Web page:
One of the things I love about seeing live music is the spontaneity and the interactivity. And, of course, that means that sometimes things go wrong. At arena shows, the larger scale means that everything needs to go right, and all of the rough edges need to be smoothed down. Something going wrong in a club show adds to the live experience; something going wrong in an arena show detracts from it.  Arena shows are low-risk events.

A few weeks ago at Music Hack Day Boston, Paul Lamere talked about the fanciful idea of a ‘risk knob’ for music recommendation. If you’re having a rough day at work, for example, you can turn down the risk knob and listen to familiar music. Or you can turn it up for wilder suggestions.

Most people, it seems, have their risk knob turned fairly low when it comes to live music. They want to hear something familiar. A tiny minority have their risk knobs turned high enough to go see bands in small venues, prepared to hear something they’ve never heard before. You can play a bit with risk homeostasis: unfamiliar bands can do covers, for example. Or someone might go see a favourite singer front a new band. But, ultimately, you can’t really change people’s tolerance for musical risk. And it seems that this would have implications for bands that are trying to make a living from live gigs.

Note, also, that if you expect people at your shows to take the risk to hear your music, they need to be comfortable in the environment and with the crowd—more on this soon.

Thanks to Michael Epstein for discussions around this topic.

Image credit: RISK AWR WC T7L LosAngeles Graffiti Art, by Flickr user anarchosyn, used here under its Creative Commons license.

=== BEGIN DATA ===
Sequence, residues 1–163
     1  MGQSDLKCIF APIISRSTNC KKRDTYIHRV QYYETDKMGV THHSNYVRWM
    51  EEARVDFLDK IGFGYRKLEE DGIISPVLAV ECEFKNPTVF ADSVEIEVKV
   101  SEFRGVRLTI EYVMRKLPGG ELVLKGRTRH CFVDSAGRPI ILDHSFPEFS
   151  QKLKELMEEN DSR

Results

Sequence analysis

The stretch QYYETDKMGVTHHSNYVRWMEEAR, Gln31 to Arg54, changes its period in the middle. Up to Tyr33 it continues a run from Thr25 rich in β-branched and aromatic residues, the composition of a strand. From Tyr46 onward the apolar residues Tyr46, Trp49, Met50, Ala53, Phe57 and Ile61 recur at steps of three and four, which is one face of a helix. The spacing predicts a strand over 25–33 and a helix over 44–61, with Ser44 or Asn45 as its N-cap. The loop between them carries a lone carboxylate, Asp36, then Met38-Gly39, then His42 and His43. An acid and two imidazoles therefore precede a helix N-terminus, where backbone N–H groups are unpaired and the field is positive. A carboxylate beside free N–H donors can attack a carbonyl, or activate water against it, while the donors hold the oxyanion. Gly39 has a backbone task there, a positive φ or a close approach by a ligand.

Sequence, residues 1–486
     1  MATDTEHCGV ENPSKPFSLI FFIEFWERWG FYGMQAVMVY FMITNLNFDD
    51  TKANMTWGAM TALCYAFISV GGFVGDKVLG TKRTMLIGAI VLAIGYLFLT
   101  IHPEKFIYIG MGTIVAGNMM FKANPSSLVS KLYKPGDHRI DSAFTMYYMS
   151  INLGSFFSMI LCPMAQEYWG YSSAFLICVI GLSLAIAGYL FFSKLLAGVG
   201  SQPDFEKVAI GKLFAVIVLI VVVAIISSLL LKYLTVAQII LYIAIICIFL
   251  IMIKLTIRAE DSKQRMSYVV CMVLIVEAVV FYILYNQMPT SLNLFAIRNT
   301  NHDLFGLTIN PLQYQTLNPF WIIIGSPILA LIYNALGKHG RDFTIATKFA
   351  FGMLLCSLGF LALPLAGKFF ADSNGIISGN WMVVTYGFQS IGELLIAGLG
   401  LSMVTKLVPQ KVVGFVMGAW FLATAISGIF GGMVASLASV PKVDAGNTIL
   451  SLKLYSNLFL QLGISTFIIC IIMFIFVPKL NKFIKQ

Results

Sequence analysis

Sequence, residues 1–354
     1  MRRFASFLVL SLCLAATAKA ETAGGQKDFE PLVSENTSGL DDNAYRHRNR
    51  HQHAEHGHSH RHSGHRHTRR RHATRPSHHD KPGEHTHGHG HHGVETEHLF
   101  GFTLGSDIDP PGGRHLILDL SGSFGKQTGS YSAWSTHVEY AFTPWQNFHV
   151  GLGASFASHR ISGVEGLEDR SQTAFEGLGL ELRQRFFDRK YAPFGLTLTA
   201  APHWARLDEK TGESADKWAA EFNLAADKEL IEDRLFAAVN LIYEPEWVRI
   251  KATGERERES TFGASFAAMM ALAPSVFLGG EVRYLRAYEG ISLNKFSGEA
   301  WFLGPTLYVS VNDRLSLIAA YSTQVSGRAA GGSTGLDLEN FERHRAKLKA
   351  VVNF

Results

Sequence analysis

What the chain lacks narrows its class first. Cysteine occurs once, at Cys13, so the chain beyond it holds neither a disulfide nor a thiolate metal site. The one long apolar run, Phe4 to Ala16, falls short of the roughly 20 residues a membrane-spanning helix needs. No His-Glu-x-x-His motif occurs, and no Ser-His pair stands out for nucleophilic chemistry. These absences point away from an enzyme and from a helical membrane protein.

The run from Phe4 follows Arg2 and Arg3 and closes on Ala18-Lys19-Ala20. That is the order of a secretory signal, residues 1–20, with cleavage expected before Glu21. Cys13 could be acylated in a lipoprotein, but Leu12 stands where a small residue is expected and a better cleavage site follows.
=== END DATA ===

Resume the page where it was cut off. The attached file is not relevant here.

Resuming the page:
h1

The zed equals zee gift guide

December 13, 2009

We like music, geeking out, and indie manufacturers.

Two gorgeous prints by Cat and Girl. The one on the left is a timeline of hits by genre, and the one on the right is a list of first names in hit singles by here (click images for larger images and purchase links).

Indie rock snark from Diesel Sweeties. Regular readers know that I’m a big fan of rstevens and his webcomic. He has a range of music and indie rock shirts with slogans like, “I’m a rocker. I rock out.” and “I liked you better before you sold out.”

Music +  Science = Sexy. What more is there to say? Get it on a t-shirt. From Questionable Content.

Destroyer’s Rubies infographic limited edition print. By Jez Burrows of the UK-based graphic design collective Evening Tweed.

Atari Punk Console sound generator. I blogged about making one of these at Music Hack Day Boston. Jimmie Rodgers has just put some of the kits on sale at his website.

Since I’m stupidly late in posting this, we’re hard up against Christmas deadlines. Go! Go now!

What do I want for the holidays? I’m thinking a subscription to a UK proxy server so I can watch BBC TV and listen to Spotify…

Follow

Get every new post delivered to your Inbox.